The first glimpse of the pebbly beach occurs 45 minutes after leaving Garadur, but it will be another thirty minutes along the shore line to reach Quinten and the small harbour. There’s an almost Mediterranean feel to the air today, with the fresh blue of the sky and the brilliant turquoise water, and the wind making tiny wavelets. The air is dry and crisp.
Quinten’s two restaurants are open and packed. Apparently many people
had the same idea I did; the trial is crowded too, by my standards. I haven’t had my visit in the woods to relieve myself. The little artisan stores tucked into houses are opened too, offering local wines, made in quantities too small to be exported, and jams. Little figs the size of fairy fists are popping out in the trees; they can only thrive in this protected microclimate. Gardens are bright with hellebores and lilac scents that air. I pass through Quinten, hoping to leave the crowds behind, but get only intermittent respite. After about an hour, I wind down the trail towards some more open meadows. . Now I’m close to the beautiful falls, and cross the bridge to continue on.
The first clue that I’ve reached civilisation is the Restaurant Burg Strahlegg. Fat fluffy chickens wander around, pestering diners. After this, the road is paved and open to traffic, although normally there isn’t much. As I pass beaches and the Burg itself, which is a ruined fort, there are more cars than usual, which turn into a plague of black SUV’s. Still, there are periods which are traffic free, and quiet. I pass through the long winding tunnels, and soon can see the town of Weesen ahead My destination, the Flyhof, is right outside of town, seven minutes from the outermost bus stop. In the 12th century, when the venerable building was built, it was part of the women’s cloister. It’s undergone many changes since then, but the walls, thicker than my outstretched arm, and the timber cross-beamed ceiling speak to its historic antecedents. My single room has leaded glass panels and a wide wooden sill that serves as a table.
I eat early, since I’m alone, and dressed in the next day’s hiking clothes, and a pair of old felt slippers that I carried. My meal, with generous wine, costs more than my room, but it’s worth it. A thick fresh chunk of Atlantic cod grilled and accompanied by German asparagus is heaven. Many restaurants make the mistake of not draining the asparagus completely, and then covering them with Hollandaise sauce, which gets diluted from the water, but not this one. They may have grilled the asparagus, and the sauce is swirled on the side, along with some raspberry vinaigrette. Because I covered a seven-hour trial in much less time today, I splurge and get a strawberry-rhubarb crumble. If you don’t like rhubarb, you should pass, but to me, the sour, moist rhubarb blends perfectly with the sweetened sour cream topping, and there’s a glass of an Austrian Chardonnay, Unplugged, to finish.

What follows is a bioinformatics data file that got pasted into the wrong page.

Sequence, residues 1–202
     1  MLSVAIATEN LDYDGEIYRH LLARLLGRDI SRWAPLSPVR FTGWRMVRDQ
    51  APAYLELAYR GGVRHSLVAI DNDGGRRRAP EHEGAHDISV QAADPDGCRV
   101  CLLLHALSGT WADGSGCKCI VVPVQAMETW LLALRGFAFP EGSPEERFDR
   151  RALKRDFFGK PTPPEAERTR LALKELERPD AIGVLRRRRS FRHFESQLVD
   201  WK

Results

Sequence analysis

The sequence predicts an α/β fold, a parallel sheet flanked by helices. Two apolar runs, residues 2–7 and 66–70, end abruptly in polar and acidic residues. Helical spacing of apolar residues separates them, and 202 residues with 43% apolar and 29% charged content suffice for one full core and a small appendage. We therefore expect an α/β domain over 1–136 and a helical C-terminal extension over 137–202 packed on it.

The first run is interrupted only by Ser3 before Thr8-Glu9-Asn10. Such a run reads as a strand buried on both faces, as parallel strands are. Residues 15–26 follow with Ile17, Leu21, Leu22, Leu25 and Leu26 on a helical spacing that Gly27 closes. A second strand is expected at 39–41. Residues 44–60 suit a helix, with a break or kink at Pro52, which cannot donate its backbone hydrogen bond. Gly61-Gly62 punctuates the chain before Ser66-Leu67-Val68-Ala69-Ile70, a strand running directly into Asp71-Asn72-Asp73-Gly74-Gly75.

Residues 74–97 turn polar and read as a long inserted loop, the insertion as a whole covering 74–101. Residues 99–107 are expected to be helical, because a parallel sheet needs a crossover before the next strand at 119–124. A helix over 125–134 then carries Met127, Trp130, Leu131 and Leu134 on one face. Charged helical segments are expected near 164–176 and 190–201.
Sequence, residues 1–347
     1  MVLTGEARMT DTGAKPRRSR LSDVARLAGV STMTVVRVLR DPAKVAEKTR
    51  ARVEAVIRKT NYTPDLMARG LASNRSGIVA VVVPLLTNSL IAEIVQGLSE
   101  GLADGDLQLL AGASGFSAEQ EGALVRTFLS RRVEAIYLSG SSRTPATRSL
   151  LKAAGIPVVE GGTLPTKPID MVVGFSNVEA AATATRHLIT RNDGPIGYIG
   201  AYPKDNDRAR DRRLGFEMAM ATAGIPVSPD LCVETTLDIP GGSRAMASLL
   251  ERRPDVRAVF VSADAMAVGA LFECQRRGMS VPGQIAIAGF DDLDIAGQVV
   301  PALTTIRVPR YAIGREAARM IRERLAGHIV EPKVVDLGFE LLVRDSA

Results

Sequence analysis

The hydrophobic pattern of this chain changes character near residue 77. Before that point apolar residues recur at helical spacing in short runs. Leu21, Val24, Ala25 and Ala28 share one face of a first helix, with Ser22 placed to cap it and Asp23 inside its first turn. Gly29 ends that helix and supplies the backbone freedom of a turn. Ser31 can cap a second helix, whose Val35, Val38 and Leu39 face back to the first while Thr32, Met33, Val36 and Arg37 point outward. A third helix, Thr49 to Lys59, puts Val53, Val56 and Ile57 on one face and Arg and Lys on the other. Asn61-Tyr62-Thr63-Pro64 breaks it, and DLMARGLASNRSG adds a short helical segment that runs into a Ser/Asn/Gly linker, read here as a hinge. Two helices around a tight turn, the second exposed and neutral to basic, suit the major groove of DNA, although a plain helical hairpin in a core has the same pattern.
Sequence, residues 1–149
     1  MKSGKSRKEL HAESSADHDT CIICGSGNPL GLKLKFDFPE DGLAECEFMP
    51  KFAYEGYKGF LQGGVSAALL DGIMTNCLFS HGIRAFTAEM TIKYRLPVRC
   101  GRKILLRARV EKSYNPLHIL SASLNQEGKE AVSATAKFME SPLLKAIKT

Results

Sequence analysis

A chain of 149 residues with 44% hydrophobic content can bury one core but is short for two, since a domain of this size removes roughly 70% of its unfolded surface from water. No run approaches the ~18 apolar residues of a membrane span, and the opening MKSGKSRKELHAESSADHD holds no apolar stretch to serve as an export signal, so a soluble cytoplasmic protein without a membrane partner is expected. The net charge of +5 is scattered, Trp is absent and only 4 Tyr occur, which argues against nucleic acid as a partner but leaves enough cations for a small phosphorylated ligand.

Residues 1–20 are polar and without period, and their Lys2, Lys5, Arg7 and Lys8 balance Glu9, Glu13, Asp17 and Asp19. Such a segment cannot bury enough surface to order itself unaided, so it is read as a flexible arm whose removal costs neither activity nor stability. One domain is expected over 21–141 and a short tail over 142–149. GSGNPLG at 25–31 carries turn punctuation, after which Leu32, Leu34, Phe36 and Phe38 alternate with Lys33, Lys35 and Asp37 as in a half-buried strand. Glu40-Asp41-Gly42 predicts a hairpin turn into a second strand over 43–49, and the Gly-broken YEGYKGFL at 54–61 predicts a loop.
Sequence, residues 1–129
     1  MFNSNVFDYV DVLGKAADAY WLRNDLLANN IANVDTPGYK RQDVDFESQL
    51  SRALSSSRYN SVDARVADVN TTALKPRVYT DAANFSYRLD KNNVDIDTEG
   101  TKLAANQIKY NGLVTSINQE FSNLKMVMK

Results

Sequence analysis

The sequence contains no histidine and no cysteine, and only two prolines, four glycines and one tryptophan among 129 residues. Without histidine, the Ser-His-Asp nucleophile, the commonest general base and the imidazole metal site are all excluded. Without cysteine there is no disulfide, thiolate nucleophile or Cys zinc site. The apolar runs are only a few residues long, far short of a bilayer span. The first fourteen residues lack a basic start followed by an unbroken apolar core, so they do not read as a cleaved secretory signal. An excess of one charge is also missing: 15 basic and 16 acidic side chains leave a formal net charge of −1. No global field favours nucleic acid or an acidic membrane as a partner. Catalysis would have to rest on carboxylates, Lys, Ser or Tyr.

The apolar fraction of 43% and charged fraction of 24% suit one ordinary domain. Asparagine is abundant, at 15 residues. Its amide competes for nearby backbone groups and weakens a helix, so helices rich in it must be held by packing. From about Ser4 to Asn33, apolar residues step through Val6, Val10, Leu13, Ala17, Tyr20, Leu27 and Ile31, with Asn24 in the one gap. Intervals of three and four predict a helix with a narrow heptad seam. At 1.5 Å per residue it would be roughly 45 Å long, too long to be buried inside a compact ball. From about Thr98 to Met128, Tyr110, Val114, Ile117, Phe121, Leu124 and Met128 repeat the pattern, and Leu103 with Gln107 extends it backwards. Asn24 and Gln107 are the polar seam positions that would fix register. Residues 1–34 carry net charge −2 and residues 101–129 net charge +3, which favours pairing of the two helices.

A wonderful hike and dinner, which for some reason I finish with reading a memoir about a man’s military service in Rhodesia and South Africa. He seems to have had fun, but I wonder why it is that violence and oppression can masquerade as a rewarding profession. I keep reading though, in the quiet old former cloister by the peaceful lake. I never claimed it made sense, did I?
Last week I hiked up to the Segnés Pass, 2627 meters. It wasn’t a pretty sight, me scrabbling up those last few meters, grappling with my sticks in one hand, scrabbling for a handhold with the other. At the pass itself, there’s an old military barracks that’s been repurposed as a simple guesthouse. From it, a young man watched me with concern, and offered help. “I’m alright,” I said, faintly embarrassed.
And I was. Because I saw this:
Altogether, my hike was more than six hours, an elevation of 1200 meters on foot, and the same down again. Why do I do this?